A facility that includes a probe station and a scanning open-ended waveguide probe for measuring near electromagnetic fields (see figure) has been added to Glen Research Center's suite of antenna-testing facilities, at a small fraction of the cost of the other facilities. This facility is designed specifically for nondestructive characterization of the radiation patterns of miniaturized microwave antennas fabricated on semiconductor and dielectric wafer substrates, including active antennas that are difficult to test in traditional antenna-testing ranges because of fragility, smallness, or severity of DC-bias or test-fixture requirements. By virtue of the simple fact that a greater fraction of radiated power can be captured in a near-field measurement than in a conventional far-field measurement, this near-field facility is convenient for testing miniaturized antennas with low gains.
This facility makes it possible to test a complete set or any subset of a multiplicity of antennas on the same substrate in one session. The multiple antennas can all be of the same design or different designs. Unlike in prior antenna-testing facilities, there is no need for wafer-level dicing or packaging to isolate individual antennas from a multiple-antenna substrate before testing, and no need for special text fixtures. Hence, alternative prototype antenna designs can be evaluated in rapid succession to converge on an optimum design in less time (and, hence, at less cost) than in prior antenna-testing facilities.
In this facility, radio-frequency (RF) signals and DC bias voltages and currents are supplied to an antenna under test (AUT) through RF and DC probes, respectively, that are parts of the probe station. The equipment in this facility includes a commercially available RF probe station, a coplanar-waveguide ground-signal-ground microwave probe that makes contact with the AUT, the aforementioned scanning open-ended waveguide probe, an automatic network analyzer (more specifically, a vector network analyzer)/microwave receiver, and a computer.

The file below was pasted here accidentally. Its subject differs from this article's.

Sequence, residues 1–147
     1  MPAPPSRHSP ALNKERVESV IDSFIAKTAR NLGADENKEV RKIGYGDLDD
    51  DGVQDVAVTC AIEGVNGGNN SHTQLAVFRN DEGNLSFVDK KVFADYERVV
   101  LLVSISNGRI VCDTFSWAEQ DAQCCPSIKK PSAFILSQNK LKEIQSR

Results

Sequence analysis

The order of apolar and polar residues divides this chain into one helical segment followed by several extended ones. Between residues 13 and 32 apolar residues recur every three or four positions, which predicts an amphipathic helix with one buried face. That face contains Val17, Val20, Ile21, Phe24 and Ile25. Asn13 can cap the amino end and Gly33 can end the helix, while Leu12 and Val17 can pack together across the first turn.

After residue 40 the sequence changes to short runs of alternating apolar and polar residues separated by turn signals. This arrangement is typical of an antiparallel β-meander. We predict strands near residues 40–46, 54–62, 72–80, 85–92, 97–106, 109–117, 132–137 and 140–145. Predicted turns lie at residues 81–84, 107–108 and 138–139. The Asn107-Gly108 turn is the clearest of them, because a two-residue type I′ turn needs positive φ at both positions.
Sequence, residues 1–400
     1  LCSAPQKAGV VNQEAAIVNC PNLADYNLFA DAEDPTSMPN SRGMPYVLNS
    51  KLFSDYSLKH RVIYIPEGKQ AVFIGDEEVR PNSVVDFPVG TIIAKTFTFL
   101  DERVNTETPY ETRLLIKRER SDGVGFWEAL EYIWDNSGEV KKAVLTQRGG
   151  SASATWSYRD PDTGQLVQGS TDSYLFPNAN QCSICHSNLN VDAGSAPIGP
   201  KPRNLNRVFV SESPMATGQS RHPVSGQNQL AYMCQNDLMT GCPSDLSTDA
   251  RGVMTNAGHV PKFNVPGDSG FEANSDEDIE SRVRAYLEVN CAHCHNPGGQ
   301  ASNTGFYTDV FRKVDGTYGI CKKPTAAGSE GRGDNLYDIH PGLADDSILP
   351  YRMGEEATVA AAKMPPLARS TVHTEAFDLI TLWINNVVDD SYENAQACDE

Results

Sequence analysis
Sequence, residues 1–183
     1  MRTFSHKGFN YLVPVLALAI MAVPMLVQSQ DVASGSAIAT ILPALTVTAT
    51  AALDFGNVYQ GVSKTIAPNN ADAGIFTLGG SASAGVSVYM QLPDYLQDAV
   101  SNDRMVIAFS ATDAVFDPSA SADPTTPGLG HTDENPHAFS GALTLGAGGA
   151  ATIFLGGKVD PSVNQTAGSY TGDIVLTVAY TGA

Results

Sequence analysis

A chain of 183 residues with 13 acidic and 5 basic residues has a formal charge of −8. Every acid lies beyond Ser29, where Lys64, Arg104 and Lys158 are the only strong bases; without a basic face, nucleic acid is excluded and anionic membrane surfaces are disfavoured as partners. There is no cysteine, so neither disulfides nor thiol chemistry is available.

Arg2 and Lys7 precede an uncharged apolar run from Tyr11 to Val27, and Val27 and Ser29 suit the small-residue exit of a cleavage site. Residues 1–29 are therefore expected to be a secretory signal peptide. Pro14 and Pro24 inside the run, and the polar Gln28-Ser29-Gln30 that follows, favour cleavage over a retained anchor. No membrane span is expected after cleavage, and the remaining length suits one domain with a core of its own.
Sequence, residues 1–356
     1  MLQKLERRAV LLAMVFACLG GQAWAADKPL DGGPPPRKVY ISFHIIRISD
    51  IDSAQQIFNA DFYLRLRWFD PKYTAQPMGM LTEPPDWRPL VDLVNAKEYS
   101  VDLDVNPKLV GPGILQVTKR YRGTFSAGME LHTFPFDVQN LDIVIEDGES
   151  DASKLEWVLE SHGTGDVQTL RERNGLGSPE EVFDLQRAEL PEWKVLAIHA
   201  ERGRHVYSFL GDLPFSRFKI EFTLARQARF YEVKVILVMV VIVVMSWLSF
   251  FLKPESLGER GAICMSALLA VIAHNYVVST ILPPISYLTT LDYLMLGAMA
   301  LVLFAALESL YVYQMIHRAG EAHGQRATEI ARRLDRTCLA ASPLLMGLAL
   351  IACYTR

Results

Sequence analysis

The mechanisms for scanning the open ended waveguide probe are a three-axis slide mechanism and a rotation mechanism that, under computer control, positions this probe for acquisition of data at prescribed grid points on a plane very close to the AUT. This near-field scanning scheme enables capture of a maximum amount of energy radiated by one or multiple small antennas while they are DC biased, without need for any special fixture.
The system is controlled by user friendly operational, data-acquisition, and data-analysis software. The dimensions of the near-field scan area and the distance between grid points are specified by the user via the computer keyboard as inputs to a software-generated control panel. After each scan, the data analysis software processes the measurement data and displays the far-field radiation pattern of the AUT, computed from the near-field measurements.
This work was done by Afroz Zaman, Richard Q. Lee, William G. Darby, Philip J. Barr, and Félix A. Miranda of Glenn Research Center; and Kevin Lambert of Analex Corp. For further information, access the Technical Support Package (TSP) free online at www.techbriefs.com/tspunder the Electronics/Computers category.
Inquiries concerning rights for the commercial use of this invention should be addressed to NASA Glenn Research Center, Innovative Partnerships Office, Attn: Steve Fedor, Mail Stop 4–8, 21000 Brookpark Road, Cleveland, Ohio 44135. Refer to LEW-17877-1.